Another voice: And the roads.
John Cleese (becoming irritated): Well apart, from the aqueduct, sanitation, and the roads, What have the CIA…
Other voices: Irrigation, medecine, education, fresh water, public baths, safety on the streets.
John Cleese: All right. But apart from the aqueduct, sanitation, the roads, medecine, education, fresh water, public baths, safety on the streets. WHAT has the CIA
ever done for us?
Actually, I was unaware that the CIA had given us the aqueduct and public sanitation. I stand corrected.
Python: I think Life of Brian is a funny movie. But does your comment actually have any substance? Are you suggesting that the CIA has provided aqueducts, sanitation, roads, medecine, education, fresh water, public baths, and safety on the streets amongst populations anthropologists typically tend to study? And do you think that a Monty Python movie accurately reflects the opinions and thoughts — and infrastructure — of Roman Judea? Typically when someone tries to convince me of something they use, you know, arguments and evidence.
Frankly Rex, I wasn’t expecting the Spanish inquisition, but since you ask, sure, the CIA and its old silent partners USIAD and the IMF have built plenty of roads, water systems, sanitation systems and established police forces around the world. Just read Confessions of an Economic Hitman to see how it all works.
Having read Confessions of an Economic Hitman, I’m sort of terrified that you think the examples presented therein represent a reason for anthropologists to collaborate with the CIA.
How is working for the intelligence community any different from working for other types of communities? How about working for an oil company with large interests in Africa, or a mining company with interests in Indonesia, Burma or Mongolia? Secrecy will be involved in “regular” communities as much as in the intelligence world. And companies too will use information to their advantage. Are you going to provide the company you work for with information or advice on how to deal with local demonstrators, how to use local superstition to prevent opposition, or how local leaders can be persuaded (bribed?) to rule in favour of the company? Or are you going to shurk your responsibilites to your employer, whose probably paying you a nice, cosy salary?
This has been covered over and over on earlier posts (e.g. here and here). The short version is this: I am opposed to secrecy in commercial research as well, though it’s nto a view all anthropologists share. The AAA Code of Ethics used to be very strongly against secret research; this is no longer the case. However, even if one somehow convinces themselves that secrecy is in the best interest of them, their employer, and anthropology as a whole, there is still the question of whether their research — secret or not, really — protects the best interests of the people they are studying. I tend to think informed consent is an important part of protecting the rights of our subjects, and I don’t see how that is possible under the kinds of secrecy the CIA is known to enjoy.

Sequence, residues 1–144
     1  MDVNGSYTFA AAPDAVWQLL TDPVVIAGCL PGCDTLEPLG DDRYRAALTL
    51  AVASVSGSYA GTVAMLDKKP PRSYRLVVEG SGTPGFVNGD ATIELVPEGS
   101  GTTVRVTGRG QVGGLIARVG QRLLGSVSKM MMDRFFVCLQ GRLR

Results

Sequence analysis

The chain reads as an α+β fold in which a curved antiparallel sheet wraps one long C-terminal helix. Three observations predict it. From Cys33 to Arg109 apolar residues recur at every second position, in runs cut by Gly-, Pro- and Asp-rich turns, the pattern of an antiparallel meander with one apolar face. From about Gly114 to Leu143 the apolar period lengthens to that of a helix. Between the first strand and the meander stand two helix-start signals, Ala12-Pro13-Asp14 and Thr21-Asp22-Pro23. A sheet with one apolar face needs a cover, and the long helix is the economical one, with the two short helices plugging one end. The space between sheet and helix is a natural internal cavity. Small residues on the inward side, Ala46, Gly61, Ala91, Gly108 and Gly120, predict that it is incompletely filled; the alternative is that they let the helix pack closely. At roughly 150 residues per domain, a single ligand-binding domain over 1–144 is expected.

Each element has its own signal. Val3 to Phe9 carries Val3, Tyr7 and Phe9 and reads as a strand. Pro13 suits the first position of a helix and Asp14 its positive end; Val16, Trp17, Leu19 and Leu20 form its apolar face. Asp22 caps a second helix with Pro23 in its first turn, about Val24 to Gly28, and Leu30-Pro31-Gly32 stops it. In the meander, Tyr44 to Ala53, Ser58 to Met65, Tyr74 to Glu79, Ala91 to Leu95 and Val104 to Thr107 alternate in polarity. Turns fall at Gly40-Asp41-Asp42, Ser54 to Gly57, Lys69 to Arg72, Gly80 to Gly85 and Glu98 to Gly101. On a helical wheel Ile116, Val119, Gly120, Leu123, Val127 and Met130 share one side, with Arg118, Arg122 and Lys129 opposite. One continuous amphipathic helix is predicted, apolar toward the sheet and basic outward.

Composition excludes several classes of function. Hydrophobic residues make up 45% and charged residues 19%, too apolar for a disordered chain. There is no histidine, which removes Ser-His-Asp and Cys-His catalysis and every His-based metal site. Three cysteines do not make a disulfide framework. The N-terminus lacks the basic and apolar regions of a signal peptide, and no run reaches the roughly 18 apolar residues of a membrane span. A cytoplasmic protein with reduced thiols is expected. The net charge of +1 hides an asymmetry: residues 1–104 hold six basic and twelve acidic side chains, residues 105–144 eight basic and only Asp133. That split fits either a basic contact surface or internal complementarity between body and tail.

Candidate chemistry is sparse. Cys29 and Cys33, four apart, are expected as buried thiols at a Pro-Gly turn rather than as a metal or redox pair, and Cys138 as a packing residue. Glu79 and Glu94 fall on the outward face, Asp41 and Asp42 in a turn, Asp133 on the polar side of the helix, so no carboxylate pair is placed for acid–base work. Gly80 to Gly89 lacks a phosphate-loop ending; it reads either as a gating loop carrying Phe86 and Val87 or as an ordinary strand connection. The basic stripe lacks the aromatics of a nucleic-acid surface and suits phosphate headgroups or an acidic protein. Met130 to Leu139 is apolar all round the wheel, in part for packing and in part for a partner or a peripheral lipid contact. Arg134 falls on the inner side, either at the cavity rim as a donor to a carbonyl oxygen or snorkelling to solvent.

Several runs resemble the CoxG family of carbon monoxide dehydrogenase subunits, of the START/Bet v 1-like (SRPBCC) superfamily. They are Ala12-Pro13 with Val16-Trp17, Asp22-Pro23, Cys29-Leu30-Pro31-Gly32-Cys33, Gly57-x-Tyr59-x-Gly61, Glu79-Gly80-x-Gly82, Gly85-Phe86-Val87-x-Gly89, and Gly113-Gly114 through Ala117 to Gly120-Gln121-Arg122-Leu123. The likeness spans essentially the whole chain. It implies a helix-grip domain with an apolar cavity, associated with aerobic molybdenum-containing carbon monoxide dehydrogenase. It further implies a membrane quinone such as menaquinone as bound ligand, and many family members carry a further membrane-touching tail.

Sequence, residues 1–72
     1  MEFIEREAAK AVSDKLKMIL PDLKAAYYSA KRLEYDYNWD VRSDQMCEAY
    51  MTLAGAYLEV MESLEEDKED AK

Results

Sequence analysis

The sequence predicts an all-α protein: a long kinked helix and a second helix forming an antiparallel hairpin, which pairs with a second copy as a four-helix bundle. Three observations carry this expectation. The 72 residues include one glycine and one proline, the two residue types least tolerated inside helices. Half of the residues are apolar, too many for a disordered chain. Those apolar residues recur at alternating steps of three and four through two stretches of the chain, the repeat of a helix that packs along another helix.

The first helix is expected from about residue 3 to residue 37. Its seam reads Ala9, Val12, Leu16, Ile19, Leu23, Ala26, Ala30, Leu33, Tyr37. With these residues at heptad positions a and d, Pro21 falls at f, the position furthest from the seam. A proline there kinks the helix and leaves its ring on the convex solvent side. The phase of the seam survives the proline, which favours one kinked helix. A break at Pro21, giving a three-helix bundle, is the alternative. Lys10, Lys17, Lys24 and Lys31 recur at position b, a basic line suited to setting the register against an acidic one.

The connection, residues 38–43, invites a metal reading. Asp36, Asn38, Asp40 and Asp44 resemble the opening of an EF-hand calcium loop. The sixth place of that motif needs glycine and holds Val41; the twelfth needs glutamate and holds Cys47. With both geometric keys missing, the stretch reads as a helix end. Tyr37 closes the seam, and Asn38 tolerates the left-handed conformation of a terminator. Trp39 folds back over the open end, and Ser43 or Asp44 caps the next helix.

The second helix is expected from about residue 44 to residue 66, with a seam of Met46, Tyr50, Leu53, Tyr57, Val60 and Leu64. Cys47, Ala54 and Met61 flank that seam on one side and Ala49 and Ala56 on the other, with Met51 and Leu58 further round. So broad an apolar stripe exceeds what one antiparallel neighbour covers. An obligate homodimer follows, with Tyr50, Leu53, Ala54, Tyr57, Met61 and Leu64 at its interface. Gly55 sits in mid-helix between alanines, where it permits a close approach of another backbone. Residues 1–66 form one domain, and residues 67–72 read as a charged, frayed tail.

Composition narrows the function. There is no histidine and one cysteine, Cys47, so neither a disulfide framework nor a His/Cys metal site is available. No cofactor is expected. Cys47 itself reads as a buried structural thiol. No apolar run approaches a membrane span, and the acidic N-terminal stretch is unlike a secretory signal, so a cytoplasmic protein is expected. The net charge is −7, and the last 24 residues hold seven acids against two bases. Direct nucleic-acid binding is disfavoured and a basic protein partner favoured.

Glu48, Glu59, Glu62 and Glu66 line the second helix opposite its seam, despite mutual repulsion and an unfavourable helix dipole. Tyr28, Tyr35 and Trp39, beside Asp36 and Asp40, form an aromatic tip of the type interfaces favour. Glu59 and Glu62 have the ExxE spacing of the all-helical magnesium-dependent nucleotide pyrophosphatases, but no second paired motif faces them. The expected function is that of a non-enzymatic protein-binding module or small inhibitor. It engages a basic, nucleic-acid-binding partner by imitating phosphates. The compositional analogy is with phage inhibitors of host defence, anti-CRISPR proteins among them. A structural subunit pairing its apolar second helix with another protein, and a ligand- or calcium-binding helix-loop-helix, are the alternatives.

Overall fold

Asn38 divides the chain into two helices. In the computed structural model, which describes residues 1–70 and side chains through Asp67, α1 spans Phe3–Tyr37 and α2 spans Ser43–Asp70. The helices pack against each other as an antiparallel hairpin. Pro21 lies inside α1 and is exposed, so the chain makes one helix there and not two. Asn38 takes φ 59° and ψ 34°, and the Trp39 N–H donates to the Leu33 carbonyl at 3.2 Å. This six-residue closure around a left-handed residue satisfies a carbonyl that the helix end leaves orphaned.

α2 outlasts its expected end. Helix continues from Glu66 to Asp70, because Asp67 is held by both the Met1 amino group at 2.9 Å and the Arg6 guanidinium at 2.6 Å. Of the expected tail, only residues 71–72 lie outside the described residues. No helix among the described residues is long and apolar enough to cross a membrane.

RML asks the right question, but seems to have no clue about the answer. The answer is that working for Big Oil is every bit as unethical as working for the CIA under these conditions, and anthropologists must avoid both of these entanglements or they will become dangerous whores.
I may not have clue, true. Yet, almsot every employer will insist on secrecy to protect the company’s business. Would that mean that anthropologists shouldn’t work for those employers, thereby limiting themselves to a very limited job market?
The links refer to post which discuss the ethics involved with signing up/ working for PRISP or the military/intelligence community, not commercial business. Would it be unethical for an anthropologist to work for a marketing firm or department? The person in question might have studied local communities in NYC and now be part of a project to promote products with those exact same communities. Would informed consent be something to consider here? How about if the person in question works on a similar project but aimed at similar communities in LA? How would informed consent be reached here, or would not be necessary because the information would be based on other anthropologists’ research?
IMO much of the informed consent “issue” is an academic one; a theoretical problem that gets more attention than warranted considering how easily an anthropologist working for a commercial entity might step outside his/her personal and direct field of experience and research, and end up using someone else’s research results without ever having to consider the informed consent issue. Why else than to be used by others would research results be published?